Who Can Write A Will In California

In California, any individual over the age of 18 who is of sound mind can make a will. You can use a will to distribute the entirety of your own separate property as well as, if you’re married, one-half of any community property you possess. In order to be valid, the will must be in writing (handwritten, typewritten, or printed). It should also have a signature and date by the testator—the person making the document (that’s you)—and contain the signatures of two adult witnesses. It is advisable to have an attorney assist with preparing your will to ensure that it clearly expresses your intentions and desires in precise legal terms. Legal terminology for a handwritten will is a “holographic” will. California residents also have the opportunity to submit a statutory will. The statutory will is the simplest form of will, consisting of a standardized form completed by the testator and signed by two witnesses. Statutory wills may be suitable for very simple situations. Depending on your situation, a statutory will may not adequately address your needs. You can leave the money to whomever you want: an individual, such as a family member, domestic partner, or friend a corporation an organization, such as a charity a city, county, state, or country (even a foreign country) After you and the witnesses sign the will, deposit it in a safe place, such as a safe or safety deposit box. To avoid any delays, make sure that your attorney and family know where you have stored the will. A will does not become effective until after your death, so you can change, or amend, your will at any time. But, again, consult with an attorney—crossed out words or added words on a will (or any legal document) could result in a court determining that the will is invalid. Wills & The Courts: Potential Problems Unlike a trust, a will does not allow your heirs and beneficiaries to avoid probate court. Before a court can divide any assets, it must first determine if the will is valid or not. Some situations arise when a person could contest a will. However, in California, only a person with “standing”—that is, a personal financial stake in the estate—can do so. A court can rule a will invalid if it shows that the testator wrote some or all of the terms of the will under duress, menace, fraud, or undue influence. Weiner Law 12707 High Bluff Drive Ste. 125 San Diego, CA 92130 (858) 333-8844 https://weinerlegacylaw.com/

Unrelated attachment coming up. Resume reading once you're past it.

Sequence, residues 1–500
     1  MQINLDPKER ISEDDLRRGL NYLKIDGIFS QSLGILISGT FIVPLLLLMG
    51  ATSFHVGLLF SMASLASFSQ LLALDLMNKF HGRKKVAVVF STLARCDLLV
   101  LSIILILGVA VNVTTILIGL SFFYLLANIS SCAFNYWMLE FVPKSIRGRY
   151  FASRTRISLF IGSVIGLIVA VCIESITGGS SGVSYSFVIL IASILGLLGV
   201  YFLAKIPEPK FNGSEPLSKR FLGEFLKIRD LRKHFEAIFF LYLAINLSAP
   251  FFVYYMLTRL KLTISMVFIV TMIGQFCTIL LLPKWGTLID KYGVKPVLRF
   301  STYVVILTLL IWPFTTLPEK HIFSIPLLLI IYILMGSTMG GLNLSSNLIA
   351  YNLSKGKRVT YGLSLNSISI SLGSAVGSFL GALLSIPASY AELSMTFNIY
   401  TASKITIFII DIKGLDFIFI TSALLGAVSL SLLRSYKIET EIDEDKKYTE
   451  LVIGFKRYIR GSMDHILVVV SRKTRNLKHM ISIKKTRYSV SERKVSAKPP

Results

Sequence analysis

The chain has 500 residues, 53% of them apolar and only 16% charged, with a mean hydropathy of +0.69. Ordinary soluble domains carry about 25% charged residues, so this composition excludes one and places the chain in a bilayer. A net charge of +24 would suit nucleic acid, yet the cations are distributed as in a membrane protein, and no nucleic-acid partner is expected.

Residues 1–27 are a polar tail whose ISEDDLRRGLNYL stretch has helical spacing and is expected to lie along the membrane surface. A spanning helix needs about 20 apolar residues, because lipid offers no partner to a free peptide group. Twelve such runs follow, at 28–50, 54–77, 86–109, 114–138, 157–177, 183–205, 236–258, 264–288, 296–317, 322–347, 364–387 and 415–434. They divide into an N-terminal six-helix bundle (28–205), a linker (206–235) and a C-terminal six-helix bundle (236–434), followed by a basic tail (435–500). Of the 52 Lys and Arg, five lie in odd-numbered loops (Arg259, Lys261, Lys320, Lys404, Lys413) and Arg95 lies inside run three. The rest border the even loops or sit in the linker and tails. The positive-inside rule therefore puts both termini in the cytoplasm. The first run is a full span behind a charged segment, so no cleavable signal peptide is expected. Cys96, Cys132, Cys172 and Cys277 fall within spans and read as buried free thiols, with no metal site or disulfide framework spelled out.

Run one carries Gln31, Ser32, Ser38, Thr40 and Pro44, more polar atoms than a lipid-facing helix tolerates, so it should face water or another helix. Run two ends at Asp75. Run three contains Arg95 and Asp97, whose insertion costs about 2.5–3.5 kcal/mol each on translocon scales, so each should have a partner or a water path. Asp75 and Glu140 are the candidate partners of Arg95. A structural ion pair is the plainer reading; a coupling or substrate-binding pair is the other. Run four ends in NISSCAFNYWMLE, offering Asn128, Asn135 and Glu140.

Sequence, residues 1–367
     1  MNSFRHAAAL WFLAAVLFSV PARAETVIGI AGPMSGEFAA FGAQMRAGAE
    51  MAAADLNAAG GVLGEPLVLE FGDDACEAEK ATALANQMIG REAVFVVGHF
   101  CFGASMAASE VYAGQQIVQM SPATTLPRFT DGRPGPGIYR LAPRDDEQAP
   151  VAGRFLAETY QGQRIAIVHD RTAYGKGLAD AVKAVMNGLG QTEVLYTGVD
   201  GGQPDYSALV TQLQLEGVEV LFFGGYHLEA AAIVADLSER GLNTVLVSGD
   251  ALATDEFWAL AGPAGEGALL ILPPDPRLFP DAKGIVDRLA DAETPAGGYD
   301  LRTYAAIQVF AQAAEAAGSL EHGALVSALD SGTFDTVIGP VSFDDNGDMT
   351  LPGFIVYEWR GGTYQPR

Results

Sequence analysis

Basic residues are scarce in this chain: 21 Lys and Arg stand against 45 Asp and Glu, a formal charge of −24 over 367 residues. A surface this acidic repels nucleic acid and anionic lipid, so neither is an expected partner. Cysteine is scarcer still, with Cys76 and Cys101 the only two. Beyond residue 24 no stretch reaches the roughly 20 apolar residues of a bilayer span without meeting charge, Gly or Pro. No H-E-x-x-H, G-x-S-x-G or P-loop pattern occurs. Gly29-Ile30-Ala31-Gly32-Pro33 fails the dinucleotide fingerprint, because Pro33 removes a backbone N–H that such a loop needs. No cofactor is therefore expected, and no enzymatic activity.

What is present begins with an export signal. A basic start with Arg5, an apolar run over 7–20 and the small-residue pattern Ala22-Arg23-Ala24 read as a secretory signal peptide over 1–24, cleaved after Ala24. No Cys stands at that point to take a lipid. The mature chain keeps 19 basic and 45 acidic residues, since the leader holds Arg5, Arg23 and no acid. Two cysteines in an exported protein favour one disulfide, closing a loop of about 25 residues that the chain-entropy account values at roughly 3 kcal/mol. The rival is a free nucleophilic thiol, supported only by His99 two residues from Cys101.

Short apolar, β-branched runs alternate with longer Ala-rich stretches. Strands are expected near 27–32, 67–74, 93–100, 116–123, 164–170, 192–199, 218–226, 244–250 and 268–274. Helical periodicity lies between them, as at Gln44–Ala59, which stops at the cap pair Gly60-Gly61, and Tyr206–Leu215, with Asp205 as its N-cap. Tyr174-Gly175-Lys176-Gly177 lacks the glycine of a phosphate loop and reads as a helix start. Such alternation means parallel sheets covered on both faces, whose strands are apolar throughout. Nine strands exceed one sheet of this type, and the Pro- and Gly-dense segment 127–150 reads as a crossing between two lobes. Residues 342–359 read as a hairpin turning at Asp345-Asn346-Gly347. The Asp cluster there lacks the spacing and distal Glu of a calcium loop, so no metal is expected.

Weiner Law
Category: Specialized Legal Services, Trusts & Estates Attorneys

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